And we've had a note from the Farmer's Market Association - which reports avocados are plentiful in most regions - they're not badly priced either. Asparagus is making an appearance at central and northern markets, with small quantities in Canterbury too. The first of the seasons early strawberries are also finding their way to market but again in very small quantities. And fresh milk's in plentiful supply at markets now the season's in full swing.
In the Motueka area, the kiwifruit gangs are starting to build up for flower thinning. It's been pretty good weather with some welcome rain towards the end of the week. The orchards are running between four and seven days later than in past years but our orchard consultant says that's OK. Flowering on apples is strong across the district and the season is shaping up nicely.
In Marlborough, with cold southerly changes coming through this week, a vineyard owner says there may have been some frost damage to Chardonnay and Pinot vines. But the main Sauvignon Blanc crop is OK as it's still coming into leaf. Drying winds as well meant the 16 millimetres of rain received on Thursday night was a good top up. A consultant says people need to be preparing their irrigation and not leaving it to the last minute. On farms there's good feed supply, stock are doing quite well and docking is underway. Farmers are talking about the water proposals and environmental issues and our contact says there's an obvious need for all sides to get around the table and talk.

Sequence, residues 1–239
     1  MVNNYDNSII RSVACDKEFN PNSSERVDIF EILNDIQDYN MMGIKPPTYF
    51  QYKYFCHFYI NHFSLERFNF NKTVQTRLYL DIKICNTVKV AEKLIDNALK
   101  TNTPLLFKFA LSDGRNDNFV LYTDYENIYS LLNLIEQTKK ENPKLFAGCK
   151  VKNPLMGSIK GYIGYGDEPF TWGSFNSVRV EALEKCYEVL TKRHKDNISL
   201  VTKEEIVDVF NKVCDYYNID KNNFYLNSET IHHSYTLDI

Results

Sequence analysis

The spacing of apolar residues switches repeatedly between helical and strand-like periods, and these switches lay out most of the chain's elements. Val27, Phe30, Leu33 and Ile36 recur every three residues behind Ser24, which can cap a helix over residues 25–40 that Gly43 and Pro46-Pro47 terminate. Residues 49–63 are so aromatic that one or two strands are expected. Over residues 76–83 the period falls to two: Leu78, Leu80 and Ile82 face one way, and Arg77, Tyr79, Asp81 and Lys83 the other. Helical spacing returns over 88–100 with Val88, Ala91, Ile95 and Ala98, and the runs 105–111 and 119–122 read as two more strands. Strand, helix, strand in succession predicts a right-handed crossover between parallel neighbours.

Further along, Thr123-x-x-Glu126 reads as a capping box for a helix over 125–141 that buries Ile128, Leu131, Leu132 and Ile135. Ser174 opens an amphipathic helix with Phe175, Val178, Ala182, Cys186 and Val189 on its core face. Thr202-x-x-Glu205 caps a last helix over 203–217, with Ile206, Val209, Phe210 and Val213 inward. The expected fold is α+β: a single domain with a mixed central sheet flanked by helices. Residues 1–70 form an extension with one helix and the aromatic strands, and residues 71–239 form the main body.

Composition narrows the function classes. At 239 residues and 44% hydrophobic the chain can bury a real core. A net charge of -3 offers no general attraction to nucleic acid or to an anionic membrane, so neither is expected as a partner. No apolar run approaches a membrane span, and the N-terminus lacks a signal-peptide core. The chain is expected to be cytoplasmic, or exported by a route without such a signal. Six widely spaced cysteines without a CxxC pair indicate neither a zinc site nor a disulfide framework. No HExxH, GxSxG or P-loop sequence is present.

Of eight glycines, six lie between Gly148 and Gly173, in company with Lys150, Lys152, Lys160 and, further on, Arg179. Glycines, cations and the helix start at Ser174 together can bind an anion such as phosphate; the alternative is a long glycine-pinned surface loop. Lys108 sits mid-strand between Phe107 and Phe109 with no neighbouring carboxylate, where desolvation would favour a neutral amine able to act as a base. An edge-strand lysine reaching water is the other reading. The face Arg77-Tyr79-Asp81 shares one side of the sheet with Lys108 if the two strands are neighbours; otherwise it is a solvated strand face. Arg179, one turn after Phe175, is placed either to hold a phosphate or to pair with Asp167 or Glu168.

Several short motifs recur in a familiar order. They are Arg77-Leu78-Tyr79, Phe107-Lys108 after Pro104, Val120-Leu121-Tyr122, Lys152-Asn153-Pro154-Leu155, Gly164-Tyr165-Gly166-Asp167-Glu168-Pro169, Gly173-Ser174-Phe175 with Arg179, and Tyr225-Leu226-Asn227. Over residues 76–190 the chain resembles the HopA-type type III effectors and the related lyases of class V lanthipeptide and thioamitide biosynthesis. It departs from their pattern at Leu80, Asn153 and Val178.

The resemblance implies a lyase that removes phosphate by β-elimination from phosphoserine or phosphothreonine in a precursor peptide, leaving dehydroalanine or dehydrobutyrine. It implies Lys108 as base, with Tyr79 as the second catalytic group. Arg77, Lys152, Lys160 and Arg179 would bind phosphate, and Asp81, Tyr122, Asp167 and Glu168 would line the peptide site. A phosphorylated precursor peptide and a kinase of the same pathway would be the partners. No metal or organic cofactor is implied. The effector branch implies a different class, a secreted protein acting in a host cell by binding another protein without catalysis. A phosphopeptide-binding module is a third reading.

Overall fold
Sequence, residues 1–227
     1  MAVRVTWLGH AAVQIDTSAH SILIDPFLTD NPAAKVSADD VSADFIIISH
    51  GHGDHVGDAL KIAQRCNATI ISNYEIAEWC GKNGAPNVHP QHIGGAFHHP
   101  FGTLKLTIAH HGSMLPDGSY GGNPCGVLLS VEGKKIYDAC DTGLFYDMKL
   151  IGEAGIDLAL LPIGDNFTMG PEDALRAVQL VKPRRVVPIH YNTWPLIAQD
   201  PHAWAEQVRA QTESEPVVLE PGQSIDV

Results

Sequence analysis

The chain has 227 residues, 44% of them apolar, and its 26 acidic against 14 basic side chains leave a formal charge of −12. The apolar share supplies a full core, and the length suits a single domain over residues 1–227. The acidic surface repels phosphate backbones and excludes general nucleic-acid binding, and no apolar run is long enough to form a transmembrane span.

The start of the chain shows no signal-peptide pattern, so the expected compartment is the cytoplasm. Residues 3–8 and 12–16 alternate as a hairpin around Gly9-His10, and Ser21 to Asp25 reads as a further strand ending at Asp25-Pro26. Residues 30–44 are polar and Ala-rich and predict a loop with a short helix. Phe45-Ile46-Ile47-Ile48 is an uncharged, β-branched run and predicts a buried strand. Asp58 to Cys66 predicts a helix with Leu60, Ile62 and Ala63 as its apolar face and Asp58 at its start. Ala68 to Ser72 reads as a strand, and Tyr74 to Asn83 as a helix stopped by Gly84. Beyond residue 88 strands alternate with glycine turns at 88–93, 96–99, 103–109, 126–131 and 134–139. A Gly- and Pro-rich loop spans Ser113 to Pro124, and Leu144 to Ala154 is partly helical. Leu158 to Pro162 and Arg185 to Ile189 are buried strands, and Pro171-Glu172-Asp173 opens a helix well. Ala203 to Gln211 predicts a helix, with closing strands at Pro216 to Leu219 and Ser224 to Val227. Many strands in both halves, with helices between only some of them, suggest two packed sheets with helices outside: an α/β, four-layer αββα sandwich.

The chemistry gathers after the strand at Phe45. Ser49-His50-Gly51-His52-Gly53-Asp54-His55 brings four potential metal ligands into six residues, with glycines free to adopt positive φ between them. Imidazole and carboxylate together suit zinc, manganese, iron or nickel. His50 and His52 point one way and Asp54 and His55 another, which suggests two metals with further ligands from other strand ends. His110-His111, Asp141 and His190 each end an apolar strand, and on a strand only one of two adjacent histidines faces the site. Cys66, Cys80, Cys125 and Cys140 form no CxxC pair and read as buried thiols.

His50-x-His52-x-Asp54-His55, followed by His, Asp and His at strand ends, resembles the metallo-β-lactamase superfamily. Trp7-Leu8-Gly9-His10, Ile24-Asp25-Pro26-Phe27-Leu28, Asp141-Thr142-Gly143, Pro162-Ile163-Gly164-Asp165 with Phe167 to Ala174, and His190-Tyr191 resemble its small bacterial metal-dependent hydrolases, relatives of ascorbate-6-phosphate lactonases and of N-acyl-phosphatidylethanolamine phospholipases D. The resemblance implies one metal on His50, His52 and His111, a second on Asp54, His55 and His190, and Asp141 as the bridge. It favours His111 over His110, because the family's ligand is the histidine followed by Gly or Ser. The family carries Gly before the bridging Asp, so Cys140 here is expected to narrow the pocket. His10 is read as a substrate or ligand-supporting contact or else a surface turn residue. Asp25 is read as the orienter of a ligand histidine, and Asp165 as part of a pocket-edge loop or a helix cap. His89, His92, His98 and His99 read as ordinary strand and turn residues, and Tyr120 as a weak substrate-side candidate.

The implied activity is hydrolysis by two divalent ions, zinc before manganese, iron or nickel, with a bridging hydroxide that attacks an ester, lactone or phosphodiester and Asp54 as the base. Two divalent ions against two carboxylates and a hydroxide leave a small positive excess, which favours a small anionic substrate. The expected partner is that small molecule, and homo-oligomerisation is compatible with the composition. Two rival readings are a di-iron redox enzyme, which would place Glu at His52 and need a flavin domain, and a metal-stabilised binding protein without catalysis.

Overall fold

A dairy farmer on the West Coast was in his cowshed wishing for some sun when we called. It's been a little drier this week though and he says the paddocks are holding up. At Lake Brummer it was still very wet but warmer. Even so grass growth is sluggish and the feed situation is tight. There's been a longer period of constant rain than is usual.
Canterbury has had a better week of weather which has allowed a cropping farmer there to get on with spring cultivation, applying fertilizer and weed spraying. Pasture growth is now kicking into gear, with some early silage being made. The last of the 2018 born lambs were sold this week at a massive $215.
A farmer in South Otago told us he'd had some welcome rain this week. Lambing is well through and tailing is underway. Lambing percentages are average at best - the drier than usual autumn is to blame. The rain is holding him back from preparing the ground for winter crops. But no one's complaining because it was needed. Farmers are really grumpy about not being recognised for the significant amount of investment they've made into fencing and planting along waterways to benefit the environment. There's a lot urban people could do as well. Sheep and beef farmers are pretty happy because of good prices.
The buds have finally burst in Central Otago vineyards. They're about ten days later than normal because of unstable weather. Growers have been frost fighting but minus one degrees is nothing the windmills can't handle.
It's been a pretty miserable week in Southland with rain and strong westerlies. People are saying they're certainly paying now for a good winter. The farmer was rounding up bulls for blood testing when we spoke although his dog wasn't being as helpful as he could be! The rain's also meant it's been a challenge to prepare the ground for cropping. All bodies - animals and human - are looking for some sunshine!